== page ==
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Retaining High-Flyers


Economic prosperity, as many HR professionals will attest, has its downside. It creates tight labour markets and shifts the balance of power in the employer:employee relationship.

In years gone by it was the employer who dictated the recruitment process. But with the concept of the job for life consigned to the history books, organisations can no longer afford to ignore the demands of the job seeker. Indeed, in the current war for talent it’s often the candidates who hold the cards.

And it’s not just recruitment that’s proving difficult. Retention is becoming a major issue too. The loss of a high performer can have serious business consequences. The costs involved in failing to keep current employees happy can include: lost intellectual property and resources, lost development opportunities, the cost of training and development, and up to 33% of an appointee’s first year salary to use a search and selection firm.

To both attract and retain the right people, companies need to rebrand, to make themselves more exciting and interesting to both new recruits and existing employees.

A recent study by Towers Perrin indicated that people join companies initially for pay, challenging work, work climate and personal development. However, people stay with companies for personal development, challenging work, work climate and pay in that order.

Research by Drake Beam Morin found that people tend to stay in jobs where they feel valued as individuals. Fitting in with the company culture, and being able to balance work and home life mattered more to the people interviewed than the amount of money they received.

To many, this shift from jobs driven by money to careers anchored by a set of values will seem perplexing and frightening. It is not easy for organisations to suddenly become recognised as centres of excellence for training and development, or achieve recognition for having an infrastructure which cultivates and recognises the unique characteristics of individual employees.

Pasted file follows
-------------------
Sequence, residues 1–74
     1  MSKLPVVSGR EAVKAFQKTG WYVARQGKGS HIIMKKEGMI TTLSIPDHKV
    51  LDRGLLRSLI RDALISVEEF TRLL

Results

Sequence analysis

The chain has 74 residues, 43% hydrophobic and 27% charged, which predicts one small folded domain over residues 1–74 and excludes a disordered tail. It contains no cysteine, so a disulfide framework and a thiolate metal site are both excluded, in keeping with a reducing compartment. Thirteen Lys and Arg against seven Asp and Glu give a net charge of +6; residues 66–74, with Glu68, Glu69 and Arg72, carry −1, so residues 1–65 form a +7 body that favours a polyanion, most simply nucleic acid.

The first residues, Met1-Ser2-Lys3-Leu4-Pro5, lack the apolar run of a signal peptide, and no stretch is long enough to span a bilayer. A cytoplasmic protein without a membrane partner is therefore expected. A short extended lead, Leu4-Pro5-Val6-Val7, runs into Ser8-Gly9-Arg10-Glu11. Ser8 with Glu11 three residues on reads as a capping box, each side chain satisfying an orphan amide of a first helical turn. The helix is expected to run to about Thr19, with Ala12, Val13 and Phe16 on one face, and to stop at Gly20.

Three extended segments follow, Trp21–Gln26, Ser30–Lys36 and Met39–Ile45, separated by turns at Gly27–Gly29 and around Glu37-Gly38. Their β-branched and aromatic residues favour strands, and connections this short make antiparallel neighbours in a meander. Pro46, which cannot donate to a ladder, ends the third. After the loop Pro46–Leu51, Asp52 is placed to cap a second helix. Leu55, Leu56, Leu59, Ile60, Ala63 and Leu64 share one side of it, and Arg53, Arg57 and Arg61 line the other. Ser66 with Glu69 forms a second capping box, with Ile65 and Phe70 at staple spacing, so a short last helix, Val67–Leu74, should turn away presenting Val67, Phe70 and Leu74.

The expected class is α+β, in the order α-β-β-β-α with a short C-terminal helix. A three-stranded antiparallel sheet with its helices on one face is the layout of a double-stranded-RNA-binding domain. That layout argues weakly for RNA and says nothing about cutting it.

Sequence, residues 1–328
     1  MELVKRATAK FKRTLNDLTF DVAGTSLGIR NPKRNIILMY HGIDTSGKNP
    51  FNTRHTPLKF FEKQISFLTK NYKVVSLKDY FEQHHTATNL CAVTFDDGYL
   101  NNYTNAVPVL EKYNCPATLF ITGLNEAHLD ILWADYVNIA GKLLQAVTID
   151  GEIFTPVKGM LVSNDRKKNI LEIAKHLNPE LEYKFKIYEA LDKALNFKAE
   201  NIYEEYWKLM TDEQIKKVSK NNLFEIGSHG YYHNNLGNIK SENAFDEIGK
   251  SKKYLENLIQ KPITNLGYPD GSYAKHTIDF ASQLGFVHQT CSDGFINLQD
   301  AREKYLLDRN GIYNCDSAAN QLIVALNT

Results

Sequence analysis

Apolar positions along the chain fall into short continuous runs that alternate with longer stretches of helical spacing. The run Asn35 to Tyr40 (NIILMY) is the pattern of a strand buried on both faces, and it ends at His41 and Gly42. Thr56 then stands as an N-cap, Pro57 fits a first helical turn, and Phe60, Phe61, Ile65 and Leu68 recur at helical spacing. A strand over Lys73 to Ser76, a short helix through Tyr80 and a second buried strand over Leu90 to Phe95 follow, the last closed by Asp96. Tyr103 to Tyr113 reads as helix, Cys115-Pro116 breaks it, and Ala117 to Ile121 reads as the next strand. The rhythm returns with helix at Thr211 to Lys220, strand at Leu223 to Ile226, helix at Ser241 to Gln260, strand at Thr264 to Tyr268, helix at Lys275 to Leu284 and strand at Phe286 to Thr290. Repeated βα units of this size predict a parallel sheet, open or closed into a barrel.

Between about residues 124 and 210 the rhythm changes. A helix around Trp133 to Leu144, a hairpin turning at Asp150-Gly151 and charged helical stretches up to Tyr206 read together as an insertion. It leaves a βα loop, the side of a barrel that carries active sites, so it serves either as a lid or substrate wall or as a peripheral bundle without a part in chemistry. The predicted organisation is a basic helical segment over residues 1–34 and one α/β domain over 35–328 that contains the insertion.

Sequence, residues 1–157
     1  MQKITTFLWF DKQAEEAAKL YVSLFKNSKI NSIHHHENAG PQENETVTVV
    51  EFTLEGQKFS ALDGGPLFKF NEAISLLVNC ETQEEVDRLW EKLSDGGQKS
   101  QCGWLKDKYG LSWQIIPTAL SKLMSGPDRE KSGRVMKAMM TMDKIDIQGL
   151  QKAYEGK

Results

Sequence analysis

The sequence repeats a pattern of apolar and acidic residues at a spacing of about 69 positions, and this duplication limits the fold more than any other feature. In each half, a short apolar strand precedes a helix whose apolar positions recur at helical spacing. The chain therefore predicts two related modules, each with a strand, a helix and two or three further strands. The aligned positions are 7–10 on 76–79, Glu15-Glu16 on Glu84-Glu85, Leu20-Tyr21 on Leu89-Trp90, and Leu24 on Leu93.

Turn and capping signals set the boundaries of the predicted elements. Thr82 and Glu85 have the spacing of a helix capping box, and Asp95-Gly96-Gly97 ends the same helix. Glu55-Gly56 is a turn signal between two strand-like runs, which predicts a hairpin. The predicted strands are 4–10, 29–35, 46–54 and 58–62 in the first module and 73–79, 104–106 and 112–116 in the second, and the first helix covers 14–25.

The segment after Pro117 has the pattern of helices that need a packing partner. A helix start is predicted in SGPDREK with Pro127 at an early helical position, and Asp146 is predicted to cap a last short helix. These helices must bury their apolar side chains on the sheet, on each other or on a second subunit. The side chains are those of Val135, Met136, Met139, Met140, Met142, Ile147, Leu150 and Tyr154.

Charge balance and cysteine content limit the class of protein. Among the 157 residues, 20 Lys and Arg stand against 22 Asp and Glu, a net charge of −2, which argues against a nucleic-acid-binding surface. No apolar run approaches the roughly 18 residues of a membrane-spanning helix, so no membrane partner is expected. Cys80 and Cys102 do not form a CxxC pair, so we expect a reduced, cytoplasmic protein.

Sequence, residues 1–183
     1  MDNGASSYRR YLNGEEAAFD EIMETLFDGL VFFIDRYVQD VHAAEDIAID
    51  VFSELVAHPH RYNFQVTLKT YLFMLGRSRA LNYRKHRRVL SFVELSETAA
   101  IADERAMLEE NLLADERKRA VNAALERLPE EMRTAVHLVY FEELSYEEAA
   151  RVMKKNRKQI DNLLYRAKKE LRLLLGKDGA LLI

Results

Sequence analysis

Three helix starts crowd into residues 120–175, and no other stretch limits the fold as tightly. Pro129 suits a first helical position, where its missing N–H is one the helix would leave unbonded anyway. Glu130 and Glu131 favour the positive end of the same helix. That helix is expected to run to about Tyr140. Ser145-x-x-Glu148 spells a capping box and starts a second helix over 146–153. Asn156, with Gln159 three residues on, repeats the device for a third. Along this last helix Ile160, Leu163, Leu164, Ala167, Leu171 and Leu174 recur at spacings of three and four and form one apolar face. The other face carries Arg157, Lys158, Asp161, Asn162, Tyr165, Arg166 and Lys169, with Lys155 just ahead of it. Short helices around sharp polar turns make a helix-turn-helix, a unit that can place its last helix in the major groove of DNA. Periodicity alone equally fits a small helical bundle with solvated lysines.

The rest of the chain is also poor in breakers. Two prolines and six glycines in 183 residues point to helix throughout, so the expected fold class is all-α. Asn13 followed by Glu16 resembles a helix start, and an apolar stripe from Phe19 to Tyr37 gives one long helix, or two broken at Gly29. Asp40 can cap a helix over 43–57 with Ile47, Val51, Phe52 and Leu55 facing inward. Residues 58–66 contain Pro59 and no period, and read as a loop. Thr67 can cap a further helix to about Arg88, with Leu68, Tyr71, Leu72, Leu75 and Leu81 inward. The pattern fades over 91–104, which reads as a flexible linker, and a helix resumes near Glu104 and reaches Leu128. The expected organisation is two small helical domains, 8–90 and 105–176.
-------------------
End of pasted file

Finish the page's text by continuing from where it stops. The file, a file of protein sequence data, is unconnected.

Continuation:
However, there are steps all employers can take which will demonstrate that they are in tune with their employees values and needs. The introduction of hiring and orientation practices that promote cultural fit will help ensure that new recruits not only possess the skills that are needed but also demonstrate the attitudes, personality traits, and behaviours that ensure organisational fit and promote commitment.

Ensuring that development programmes align employee interests with company goals sends a strong message that an organisation cares about its staff – viewing them as individuals rather than numbers on a balance sheet.

Finally, employers must recognise the need for compensation plans that help employees balance work and family life. With so many companies willing to match competitors’ financial offerings, the value of money, and indeed share options, as a recruitment and retention tool is diminishing. To be truly effective, packages must combine financial reward with opportunities to promote feelings of achievement, ownership and involvement.

Marie Fimrite is a consultant with Drake Beam Morin, the world’s leading career management consultancy

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